Shortly after getting engaged, we moved in together—to my condo.
Sharing space comes with some variations on sharing money too—the most common options seem to be:
One for All: All income goes in to one account, all expenses come out. All accounts are joint.
Totally Separate: Each person handles all of their own money; bills are split according to some formula (usually either 50/50 or proportionate to income). Either each partner handles different bills, or one partner handles them all and the other partner pays them.
Mixed Bag: Anywhere between the two above—some accounts are together, others are separate. Some expenses are joint, others are individual.
So you may have gathered by now that Shamrock and I live together.
This was not exactly my plan.
I know some people can’t imagine not living together first, and others wouldn’t dream of it. I just…preferred not to. Shamrock and I are in our thirties. Shamrock has been married before; I almost got engaged*—we both know what we’re getting in to.
So how did this happen? Shamrock decided to move when his lease was up, about seven months in to our relationship (his lease was up two months later, but you obviously make a decision earlier). After the lease was signed, he told me what he had really wanted was to move in with me, but he hadn’t asked because he knew I would say no. (He was right.) Lease in hand, he moved out of his downtown apartment on Michigan Avenue to be closer to me on the North Side.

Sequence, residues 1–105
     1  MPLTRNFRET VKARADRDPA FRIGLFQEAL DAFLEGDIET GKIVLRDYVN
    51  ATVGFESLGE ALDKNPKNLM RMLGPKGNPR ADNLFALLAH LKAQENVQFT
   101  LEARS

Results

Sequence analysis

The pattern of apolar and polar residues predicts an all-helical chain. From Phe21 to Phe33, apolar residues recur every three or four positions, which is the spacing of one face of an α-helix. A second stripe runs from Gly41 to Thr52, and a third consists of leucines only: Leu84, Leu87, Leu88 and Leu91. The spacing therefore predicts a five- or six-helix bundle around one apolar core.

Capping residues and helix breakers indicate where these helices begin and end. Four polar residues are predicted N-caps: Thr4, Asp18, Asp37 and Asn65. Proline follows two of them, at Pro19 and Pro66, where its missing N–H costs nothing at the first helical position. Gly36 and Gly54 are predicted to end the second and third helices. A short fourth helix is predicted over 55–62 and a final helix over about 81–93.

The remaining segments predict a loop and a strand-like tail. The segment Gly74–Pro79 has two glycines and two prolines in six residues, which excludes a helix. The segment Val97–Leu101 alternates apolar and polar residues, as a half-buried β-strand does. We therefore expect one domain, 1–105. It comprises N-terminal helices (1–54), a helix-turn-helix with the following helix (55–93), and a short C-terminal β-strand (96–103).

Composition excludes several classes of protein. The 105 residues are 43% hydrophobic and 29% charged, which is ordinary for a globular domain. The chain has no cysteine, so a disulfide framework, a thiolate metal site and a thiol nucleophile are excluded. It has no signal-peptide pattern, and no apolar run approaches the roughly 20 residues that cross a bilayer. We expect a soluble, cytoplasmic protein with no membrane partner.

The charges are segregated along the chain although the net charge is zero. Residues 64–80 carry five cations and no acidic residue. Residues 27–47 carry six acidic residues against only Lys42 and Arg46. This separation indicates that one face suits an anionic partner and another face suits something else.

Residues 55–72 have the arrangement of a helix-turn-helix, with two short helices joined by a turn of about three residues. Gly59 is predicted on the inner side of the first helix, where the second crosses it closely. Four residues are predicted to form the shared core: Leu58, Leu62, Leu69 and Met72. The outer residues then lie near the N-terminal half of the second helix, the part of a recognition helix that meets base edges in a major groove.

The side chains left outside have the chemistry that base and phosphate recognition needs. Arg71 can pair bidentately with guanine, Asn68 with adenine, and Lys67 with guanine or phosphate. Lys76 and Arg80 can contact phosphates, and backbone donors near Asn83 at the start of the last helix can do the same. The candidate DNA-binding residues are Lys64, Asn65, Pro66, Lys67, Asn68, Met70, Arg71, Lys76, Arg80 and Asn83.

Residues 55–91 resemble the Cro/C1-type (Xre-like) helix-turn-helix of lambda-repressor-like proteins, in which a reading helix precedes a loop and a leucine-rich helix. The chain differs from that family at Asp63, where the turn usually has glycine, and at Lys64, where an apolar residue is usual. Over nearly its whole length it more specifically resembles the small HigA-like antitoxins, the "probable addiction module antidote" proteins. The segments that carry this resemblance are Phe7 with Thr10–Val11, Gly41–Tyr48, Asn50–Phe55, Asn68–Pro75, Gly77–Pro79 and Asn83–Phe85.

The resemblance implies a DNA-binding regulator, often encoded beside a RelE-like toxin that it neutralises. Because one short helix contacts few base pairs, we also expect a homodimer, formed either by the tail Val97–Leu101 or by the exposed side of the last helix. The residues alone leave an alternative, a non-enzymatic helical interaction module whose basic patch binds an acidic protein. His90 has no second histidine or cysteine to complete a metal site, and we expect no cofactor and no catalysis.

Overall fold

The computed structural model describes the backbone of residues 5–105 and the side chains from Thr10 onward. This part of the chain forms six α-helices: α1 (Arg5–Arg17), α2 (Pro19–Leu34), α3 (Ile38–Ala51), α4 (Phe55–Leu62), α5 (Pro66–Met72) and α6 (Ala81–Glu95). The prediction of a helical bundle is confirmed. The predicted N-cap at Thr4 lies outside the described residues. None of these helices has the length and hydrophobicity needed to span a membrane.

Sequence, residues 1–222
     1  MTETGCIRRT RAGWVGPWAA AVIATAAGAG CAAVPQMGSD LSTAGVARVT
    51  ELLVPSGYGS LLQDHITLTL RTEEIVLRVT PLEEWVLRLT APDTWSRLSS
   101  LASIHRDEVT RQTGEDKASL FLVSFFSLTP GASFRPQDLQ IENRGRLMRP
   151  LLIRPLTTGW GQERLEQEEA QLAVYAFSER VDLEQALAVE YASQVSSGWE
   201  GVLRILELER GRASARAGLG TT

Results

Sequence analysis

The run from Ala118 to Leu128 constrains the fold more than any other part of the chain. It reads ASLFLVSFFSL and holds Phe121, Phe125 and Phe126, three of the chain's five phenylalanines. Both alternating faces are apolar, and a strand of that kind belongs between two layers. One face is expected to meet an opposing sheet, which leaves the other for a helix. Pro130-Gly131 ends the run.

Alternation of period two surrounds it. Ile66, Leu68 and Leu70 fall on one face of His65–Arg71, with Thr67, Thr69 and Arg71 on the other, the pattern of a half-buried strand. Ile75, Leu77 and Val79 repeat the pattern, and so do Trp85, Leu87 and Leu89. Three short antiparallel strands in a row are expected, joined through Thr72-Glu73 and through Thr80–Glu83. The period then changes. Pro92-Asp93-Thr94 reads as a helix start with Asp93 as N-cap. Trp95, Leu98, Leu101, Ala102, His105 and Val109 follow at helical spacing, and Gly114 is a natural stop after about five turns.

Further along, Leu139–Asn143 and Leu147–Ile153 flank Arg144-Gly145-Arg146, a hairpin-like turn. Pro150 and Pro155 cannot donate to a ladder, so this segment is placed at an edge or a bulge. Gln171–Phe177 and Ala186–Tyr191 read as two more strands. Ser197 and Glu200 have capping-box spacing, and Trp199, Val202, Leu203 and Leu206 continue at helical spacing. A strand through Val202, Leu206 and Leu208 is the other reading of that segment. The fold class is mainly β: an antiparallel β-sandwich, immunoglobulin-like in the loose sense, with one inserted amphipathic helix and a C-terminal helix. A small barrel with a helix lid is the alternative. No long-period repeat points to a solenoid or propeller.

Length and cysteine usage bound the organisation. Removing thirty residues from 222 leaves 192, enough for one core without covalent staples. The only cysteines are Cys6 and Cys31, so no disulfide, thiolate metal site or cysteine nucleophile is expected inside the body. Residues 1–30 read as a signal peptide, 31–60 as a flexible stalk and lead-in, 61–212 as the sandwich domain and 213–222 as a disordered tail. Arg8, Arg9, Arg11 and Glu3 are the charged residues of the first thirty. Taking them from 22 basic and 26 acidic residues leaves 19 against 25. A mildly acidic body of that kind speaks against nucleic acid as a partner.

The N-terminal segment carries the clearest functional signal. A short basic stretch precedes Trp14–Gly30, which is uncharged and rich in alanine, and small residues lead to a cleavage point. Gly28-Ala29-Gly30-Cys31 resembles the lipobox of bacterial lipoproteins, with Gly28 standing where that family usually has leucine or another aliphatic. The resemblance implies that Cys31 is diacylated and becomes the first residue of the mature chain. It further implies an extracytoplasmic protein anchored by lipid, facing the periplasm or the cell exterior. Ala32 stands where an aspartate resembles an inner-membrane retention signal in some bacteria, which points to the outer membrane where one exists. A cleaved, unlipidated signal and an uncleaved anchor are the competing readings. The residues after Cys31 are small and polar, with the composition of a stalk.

There’s Shamrock’s apartment in the background—the tall white building. Photo by Caili Helsper
Obviously, Shamrock is very excited that today is basically all about him, but this is a nice day in the history of both of us Clovers too.
Two years ago, our second date was on St. Patrick’s Day (the day that it was over 80 degrees in Chicago, in March—I miss that year…). And it was a total comedy of errors. I still marvel that he wanted to go out with me again—it was one of those days where everything happens just wrong and all the bad questions get asked and everything happens at once.
So join me in a trip down memory lane. We were fresh off our first date, one Shamrock almost cancelled because I was so impossible to schedule with. (Lunch. No, now I have to work. Maybe dinner—no, ice cream. Never mind, I can’t do Friday now.) [Strike 1: Impossible to schedule with.] But schedule we did, and we closed down the restaurant.
Before we can get into any of the goodness that is wedding planning, let’s go all the way back to the start, 11 months ago (shocking, I know). Mr. Farmer (still working on it) and I are unique in that our relationship moved very quickly, like super quickly. Since Mr. Farmer has been married before, he knew what he was looking for and didn’t see the point in waiting years to get engaged and married. I agreed, as I knew without a doubt that Mr. Farmer is Mr. Perfect for me. Some people questioned our relationship in the beginning because we moved fast, but we didn’t care what anyone had to say.I will say this: when you know, you know. It’s very difficult trying to explain that to someone who hasn’t yet experienced that feeling themselves. As time went on and the more people saw us together, they quickly realized that we were meant to be together. We really are perfect for each other. So how did we meet?